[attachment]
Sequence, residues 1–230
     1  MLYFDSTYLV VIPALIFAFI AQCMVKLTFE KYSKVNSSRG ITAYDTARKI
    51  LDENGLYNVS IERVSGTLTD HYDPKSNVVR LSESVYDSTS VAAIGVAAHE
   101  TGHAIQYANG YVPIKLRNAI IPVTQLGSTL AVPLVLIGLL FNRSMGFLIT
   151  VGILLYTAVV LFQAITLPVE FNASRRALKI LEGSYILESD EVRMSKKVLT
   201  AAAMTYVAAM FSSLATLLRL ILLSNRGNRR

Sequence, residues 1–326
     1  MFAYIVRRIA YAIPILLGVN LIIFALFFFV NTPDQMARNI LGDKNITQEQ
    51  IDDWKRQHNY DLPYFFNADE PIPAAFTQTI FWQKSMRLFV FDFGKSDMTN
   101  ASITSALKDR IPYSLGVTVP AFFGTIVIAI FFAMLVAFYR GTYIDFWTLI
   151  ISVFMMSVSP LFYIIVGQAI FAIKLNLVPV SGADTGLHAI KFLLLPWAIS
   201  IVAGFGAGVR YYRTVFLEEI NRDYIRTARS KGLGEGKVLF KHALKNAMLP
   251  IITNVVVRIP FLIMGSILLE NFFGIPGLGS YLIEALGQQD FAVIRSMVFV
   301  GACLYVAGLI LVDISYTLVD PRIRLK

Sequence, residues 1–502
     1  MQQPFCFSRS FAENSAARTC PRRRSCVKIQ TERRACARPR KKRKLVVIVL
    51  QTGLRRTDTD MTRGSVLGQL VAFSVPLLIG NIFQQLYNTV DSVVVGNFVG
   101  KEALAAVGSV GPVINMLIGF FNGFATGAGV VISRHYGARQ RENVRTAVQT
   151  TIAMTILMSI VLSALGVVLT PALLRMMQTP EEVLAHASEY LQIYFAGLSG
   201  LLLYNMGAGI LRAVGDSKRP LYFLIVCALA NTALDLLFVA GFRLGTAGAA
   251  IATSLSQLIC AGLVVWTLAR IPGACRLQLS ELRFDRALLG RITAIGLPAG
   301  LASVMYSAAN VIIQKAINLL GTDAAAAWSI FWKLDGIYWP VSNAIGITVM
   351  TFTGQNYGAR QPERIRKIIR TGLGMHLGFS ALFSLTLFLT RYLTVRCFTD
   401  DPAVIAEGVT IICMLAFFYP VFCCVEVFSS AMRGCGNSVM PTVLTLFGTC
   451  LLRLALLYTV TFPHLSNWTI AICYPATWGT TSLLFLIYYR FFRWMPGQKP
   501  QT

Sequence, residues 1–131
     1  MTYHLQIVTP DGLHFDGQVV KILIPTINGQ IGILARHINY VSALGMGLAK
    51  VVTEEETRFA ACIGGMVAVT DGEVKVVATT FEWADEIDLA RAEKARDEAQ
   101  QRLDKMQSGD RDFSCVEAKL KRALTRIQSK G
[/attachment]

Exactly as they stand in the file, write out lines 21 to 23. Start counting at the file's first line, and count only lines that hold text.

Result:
   251  IATSLSQLIC AGLVVWTLAR IPGACRLQLS ELRFDRALLG RITAIGLPAG
   301  LASVMYSAAN VIIQKAINLL GTDAAAAWSI FWKLDGIYWP VSNAIGITVM
   351  TFTGQNYGAR QPERIRKIIR TGLGMHLGFS ALFSLTLFLT RYLTVRCFTD